|Drive Notes: Touchdown, 21-24, 10 min 4th Q|
|Ln||Dn||Ds||O Form||RB||TE||WR||D Form||Type||Play||Player||Yards|
|M9||1||10||I-Form twins||2||1||2||Base 4-3||Pass||PA Deep hitch||Roundtree||15 (pen -5)|
|Four man rush with a contain guy. Robinson sets up and finds Roundtree with a dart between two zone defenders for a big chunk. Quality throw. (DO, 3, protection 2/2) Michigan picks up a hold on Huyge that is exceptionally weak. Not relevant to the play at all and not much of a hold, either.|
|M4||1||15||Shotgun 2TE twins||1||2||2||Base 3-4||Run||Zone read keeper||Robinson||6|
|Okay, ND has adjusted. Calabrese shoots the backside gap and tackles Smith. Robinson's read this and pulled; Teo is scraping over and waiting. Lewan(+2) pancakes Johnson, giving Robinson a cutback lane. Cavalry arrives. (RPS -1)|
|RUN+: Lewan(2), Robinson||RUN-:|
|M10||2||9||Shotgun twin TE twins||1||2||2||Base 3-4||Pass||PA Post||Hemingway||45 + 15 pen|
|I was willing to give Denard the benefit of the doubt on the previous one but this is a throw into double coverage when he's got a huge lane in front of him that he can run up into for positively ages. It's underthrown and Hemingway high-points the ball but I can't condone chucking it up into double coverage. (BR, 2, protection 2/2) ND gets a terrible roughing the passer penalty after the play (refs +1)|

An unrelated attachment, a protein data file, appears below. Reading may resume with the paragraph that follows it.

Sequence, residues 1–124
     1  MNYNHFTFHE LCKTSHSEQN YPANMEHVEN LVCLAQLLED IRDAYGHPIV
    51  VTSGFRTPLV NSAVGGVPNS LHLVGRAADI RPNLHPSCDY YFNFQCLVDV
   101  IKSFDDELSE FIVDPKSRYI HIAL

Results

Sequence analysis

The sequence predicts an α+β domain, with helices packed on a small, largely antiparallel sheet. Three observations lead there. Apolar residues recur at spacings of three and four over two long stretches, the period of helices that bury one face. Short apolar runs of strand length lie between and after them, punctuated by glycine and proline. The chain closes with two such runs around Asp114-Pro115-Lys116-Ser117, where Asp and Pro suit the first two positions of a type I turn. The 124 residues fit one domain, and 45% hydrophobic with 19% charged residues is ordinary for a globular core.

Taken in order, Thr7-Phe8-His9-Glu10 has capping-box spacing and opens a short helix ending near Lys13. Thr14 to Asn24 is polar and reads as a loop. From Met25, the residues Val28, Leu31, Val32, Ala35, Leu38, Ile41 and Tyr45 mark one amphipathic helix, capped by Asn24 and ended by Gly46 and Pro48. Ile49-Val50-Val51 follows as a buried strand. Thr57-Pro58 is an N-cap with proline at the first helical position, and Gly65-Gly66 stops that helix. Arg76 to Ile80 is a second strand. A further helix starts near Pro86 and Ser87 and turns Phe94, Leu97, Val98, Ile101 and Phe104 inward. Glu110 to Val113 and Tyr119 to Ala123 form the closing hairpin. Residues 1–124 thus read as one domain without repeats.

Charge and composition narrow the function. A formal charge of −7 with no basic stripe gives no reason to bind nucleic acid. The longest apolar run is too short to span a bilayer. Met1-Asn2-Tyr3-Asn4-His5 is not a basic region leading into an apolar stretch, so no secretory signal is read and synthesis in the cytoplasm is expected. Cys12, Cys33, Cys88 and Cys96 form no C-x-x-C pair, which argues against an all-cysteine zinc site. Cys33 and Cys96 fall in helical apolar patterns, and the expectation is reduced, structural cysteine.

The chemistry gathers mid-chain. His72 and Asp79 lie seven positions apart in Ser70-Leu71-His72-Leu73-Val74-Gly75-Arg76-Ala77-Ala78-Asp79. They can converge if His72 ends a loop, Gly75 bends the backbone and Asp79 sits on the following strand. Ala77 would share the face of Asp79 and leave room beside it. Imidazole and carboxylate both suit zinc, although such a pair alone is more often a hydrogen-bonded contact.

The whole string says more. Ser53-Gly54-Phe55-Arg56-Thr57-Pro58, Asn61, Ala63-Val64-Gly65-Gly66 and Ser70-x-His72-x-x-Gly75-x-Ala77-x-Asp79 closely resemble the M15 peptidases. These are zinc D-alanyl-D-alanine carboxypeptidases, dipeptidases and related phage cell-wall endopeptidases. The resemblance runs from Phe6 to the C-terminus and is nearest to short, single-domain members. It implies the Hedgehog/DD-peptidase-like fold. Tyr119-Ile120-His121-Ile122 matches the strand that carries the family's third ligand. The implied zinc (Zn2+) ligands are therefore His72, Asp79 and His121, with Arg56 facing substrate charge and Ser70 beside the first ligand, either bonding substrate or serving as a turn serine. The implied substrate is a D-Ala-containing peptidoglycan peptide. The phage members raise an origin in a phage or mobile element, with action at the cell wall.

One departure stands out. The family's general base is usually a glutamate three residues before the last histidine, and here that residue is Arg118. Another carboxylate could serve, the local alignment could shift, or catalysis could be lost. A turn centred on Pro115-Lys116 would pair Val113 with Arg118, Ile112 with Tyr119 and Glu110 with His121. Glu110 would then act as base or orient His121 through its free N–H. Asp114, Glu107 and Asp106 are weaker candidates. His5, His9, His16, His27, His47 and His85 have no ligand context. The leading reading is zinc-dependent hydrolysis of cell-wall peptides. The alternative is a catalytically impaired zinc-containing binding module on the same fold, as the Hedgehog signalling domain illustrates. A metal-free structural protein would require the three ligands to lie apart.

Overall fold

|A terrible throw to a blanketed WR. (BRX, 0, protection 2/2)|
|Drive Notes: Interception, 21-24, 4 min 4th Q|
|Ln||Dn||Ds||O Form||RB||TE||WR||D Form||Type||Play||Player||Yards|
|M42||1||10||Shotgun 3-wide||1||1||3||Base 3-4||Run||QB power off tackle||Robinson||8|
|Omameh(-1) does not release downfield, instead doubling the NT that Molk has dealt with. God, Nix is such a tub. Huyge(+1) and Koger(+1) destroy Johnson; Smith and Barnum kick out guys who are maintaining outside leverage, forcing the play back to Teo. Denard(+2) WOOPs him and the safety who had come down, with help from Hemingway. A corner comes in to finish him.|
|RUN+: Koger, Huyge, Robinson(2)||RUN-: Omameh|
|50||2||2||Shotgun 3-wide||1||1||3||Base 3-4||Pass||Post||Hemingway||Inc|
|Wide open post since ND again has a single high safety who is ten yards deep at the LOS. Hemingway wide open for 30; Denard misses him. (IN, 0, protection 2/2)|
|50||3||2||Shotgun trips TE||1||1||3||Nickel||Run||QB power off tackle||Robinson||2|